The Blinken-Bongbong Show: Friends in need
In the shadow of U.S. House Speaker Nancy Pelosi, U.S. Sec. of State Antony Blinken was also in Asia this past week.
Not starting any extreme war games with China’s missiles flying over Taipei, but engaging in his own modern diplomatic games, nevertheless.
It was the Blinken and BongBong show in the Philippines! And it was what you’d expect from a second coming of a Marcos. Be like Dad. And the U.S. will comply. And everything will be fine. We hope.
The U.S. secretary of state assured the newly elected President Marcos Jr. that the U.S. would be there to support the Philippines, thanks to the existing Mutual Defense Treaty.
It’s the same treaty that has been in place since before Marcos’ dad, the autocrat Ferdinand Marcos Sr. The treaty binds the U.S. and the Philippines to aid each other in event of an attack in Asia. Not bad in pre-Marcos Sr. era considering the fledgling democracy, but surely a problem once Marcos Sr took over.
You’ll recall that was no democracy, but an autocracy the U.S. supported during martial law. Democracy was only restored in the Philippines when people power kicked out the dictator.
But it shows you how flexible U.S. support for “democracy” in Asia can be.
Perhaps the Blinken meeting with Bongbong would have taken place anyway, but it was all different once Pelosi stepped foot in Taiwan. And that was an important and necessary trip.
“We cannot stand by as the CCP (Chinese Communist Party) proceeds to threaten Taiwan — and democracy itself,” Pelosi explained why she went to Taipei in a Washington Post opinion piece. “Indeed, we take this trip at a time when the world faces a choice between autocracy and democracy.”
And what choice has Bongbong made since getting elected? The scion of an autocrat who won by a landslide is seen more as a would-be strong man who needs a few more pumps in the weight room.
But it’s the nature of U.S. support. If you’re democratic enough, the U.S. will have your back. And prop you up—if it’s in America’s mutual interest. And certainly, right now, it is.
The Philippines had cool relations with the U.S under President Duterte through presidents Obama and Trump. Duterte constantly talked of testing the Philippines’ friendships with Russia and China.
Now however, given the new political temperature in Asia, it’s practically nouveau little brown brother time. Both the U.S. and the Philippines could use each other’s friendship.
This is the power of history. Having a history with each other matters. You’re drawn to one another/ You trust each other’s devils and angels.
But where was the U.S. during the Spratly/West Philippine Sea controversy within the last decade? You recall images of the ragtag Filipino Navy defending the islands against China.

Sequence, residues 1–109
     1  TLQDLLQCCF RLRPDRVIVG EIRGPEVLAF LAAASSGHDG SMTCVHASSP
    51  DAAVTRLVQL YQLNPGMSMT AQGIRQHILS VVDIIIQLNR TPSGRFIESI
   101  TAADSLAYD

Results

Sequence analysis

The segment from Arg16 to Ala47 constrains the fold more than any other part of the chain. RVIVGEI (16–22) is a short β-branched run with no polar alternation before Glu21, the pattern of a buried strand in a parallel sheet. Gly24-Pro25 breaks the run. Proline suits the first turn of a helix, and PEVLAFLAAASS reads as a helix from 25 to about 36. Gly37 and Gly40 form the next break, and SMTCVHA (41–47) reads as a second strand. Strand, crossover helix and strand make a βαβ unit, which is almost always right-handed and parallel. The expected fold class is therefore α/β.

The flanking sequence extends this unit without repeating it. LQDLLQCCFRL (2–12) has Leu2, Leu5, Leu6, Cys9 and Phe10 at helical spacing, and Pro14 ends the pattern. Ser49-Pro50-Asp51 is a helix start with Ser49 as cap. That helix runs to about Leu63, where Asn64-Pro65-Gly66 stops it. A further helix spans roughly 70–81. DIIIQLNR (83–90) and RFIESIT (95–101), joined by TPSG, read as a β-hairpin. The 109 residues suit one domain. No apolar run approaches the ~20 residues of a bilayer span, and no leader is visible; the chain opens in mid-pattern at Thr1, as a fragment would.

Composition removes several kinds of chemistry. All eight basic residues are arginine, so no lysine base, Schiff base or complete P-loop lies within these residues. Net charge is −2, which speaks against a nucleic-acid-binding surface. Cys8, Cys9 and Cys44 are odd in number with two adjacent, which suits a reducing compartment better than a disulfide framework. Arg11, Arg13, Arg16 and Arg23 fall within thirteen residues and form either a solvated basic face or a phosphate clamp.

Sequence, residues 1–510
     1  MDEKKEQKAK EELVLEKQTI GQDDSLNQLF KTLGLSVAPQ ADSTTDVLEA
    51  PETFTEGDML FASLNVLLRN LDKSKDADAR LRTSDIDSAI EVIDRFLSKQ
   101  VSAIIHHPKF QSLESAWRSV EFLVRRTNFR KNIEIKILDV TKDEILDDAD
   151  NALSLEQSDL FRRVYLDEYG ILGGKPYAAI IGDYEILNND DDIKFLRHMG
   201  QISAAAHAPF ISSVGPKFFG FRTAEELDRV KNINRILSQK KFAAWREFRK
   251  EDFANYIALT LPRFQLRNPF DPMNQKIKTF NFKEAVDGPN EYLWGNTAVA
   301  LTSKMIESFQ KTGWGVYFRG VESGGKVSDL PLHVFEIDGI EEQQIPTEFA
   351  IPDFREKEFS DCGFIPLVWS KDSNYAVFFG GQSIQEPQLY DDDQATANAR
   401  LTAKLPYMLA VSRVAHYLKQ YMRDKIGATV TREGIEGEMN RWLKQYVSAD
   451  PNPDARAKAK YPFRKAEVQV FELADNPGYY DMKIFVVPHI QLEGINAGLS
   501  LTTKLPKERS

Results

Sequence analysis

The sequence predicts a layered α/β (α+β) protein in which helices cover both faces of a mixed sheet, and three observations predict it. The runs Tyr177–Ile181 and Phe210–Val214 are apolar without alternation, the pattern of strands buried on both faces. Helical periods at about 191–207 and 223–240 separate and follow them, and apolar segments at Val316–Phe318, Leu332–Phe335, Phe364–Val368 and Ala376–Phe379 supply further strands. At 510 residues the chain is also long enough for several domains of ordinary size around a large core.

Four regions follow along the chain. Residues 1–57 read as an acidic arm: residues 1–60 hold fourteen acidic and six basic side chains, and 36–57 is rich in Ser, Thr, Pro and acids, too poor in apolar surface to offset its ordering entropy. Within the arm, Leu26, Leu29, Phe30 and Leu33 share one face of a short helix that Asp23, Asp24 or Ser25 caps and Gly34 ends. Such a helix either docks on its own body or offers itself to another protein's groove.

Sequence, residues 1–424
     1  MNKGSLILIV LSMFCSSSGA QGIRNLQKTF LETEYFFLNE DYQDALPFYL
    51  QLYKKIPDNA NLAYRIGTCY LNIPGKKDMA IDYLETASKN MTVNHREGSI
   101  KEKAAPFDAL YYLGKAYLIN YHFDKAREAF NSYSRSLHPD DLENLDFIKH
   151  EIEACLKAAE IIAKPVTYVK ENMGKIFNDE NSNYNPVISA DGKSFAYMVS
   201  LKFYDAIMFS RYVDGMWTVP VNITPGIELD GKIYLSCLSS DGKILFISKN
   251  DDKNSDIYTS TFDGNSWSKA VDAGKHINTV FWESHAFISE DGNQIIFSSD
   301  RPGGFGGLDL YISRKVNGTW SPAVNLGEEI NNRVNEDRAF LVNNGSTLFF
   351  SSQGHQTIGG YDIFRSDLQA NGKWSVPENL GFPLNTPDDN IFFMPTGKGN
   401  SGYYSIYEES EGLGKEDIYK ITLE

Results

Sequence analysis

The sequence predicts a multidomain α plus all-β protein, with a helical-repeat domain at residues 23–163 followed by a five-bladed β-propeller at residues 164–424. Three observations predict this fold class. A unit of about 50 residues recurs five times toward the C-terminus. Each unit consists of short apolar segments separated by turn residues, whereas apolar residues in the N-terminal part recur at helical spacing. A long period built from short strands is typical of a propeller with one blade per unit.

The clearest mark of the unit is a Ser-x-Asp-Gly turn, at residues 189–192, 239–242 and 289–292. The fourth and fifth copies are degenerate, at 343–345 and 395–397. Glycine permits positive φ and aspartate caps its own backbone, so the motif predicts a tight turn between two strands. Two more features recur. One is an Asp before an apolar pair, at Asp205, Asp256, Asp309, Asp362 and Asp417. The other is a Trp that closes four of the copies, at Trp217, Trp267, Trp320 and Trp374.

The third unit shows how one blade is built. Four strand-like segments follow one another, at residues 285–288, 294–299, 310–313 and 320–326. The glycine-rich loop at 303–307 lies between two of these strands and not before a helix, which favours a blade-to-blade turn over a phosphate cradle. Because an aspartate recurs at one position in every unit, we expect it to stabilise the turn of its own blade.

It was a David vs. Goliath moment, and you didn’t see loud pronouncements from Washington about coming to the Philippines rescue.
Seems like after this week, there’s a greater willingness to do the very least–joint maritime patrols in the South China Sea. Suddenly, the Mutual Defense Treaty is seen as applicable.
“In our view, joint patrols between the Philippines and the [U.S.] can take place. They are under the ambit of the MDT, and also within the context of the Mutual Defense Board and Security Engagement Board. So, I think this is an issue that we’ll continue to explore bilaterally,” said Foreign Affairs Secretary Enrique Manalo during a virtual joint press conference with U.S. Secretary of State Antony Blinken on Saturday.
It’s been six years since the Philippines won a practically meaningless decision in the Hague against China for its aggressive incursions in the West Philippines Sea. But it’s been largely ignored by everyone but the Philippines.
When Blinken acknowledged the sixth anniversary of that decision in June, it was a signal from the Biden administration. A return to a modern version of old colonial times? Possibly.
But Filipino nationalists have something to think about, too. After Pelosi arrived on Tuesday in Taipei, Michael Eric Castillo, deputy director general of the National Security Council (NSC) spoke on the radio program of the Philippine Air Force.
“We always think that we’ll be the ones to ask for help from America and we’ll be the first to invoke the [MDT]. But in a situation like this, we should also think about the possibility that America will be the first one to ask for help,” Castillo said, as reported in the Inquirer.
The country better hit the weight room. Or not.
You’ll recall when President George W. Bush asked for an alliance on the Gulf War, who was first to flex her biceps? Then Philippines President Gloria Macapagal-Arroyo. The mouse that roared.
The Blinken-Bongbong show then is a bit more positive than not. The Philippines is “important” again in the eyes of the U.S. Both countries are getting sentimental out of necessity.
One big negative? On top of all the Duterte human rights issues of the past administration, the rekindled relationship does bring up all the bad U.S./Marcos history.
That may be enough to keep Bongbong from making the kind of decisions worthy of his infamous autocratic dad. As Asia enters a more dangerous new era, he’ll learn it’s still better to play ball with your former colonizer than not.
NOTE: I will talk about this column and other matters on “Emil Amok’s Takeout,” my AAPI micro-talk show. Live @2p Pacific. On Facebook.com/emilguillermo.media; my YouTube channel; and Twitter @emilamok Catch the recordings on www.amok.com.
Emil Guillermo is a journalist and commentator. He writes a column for the Inquirer’s North American Bureau.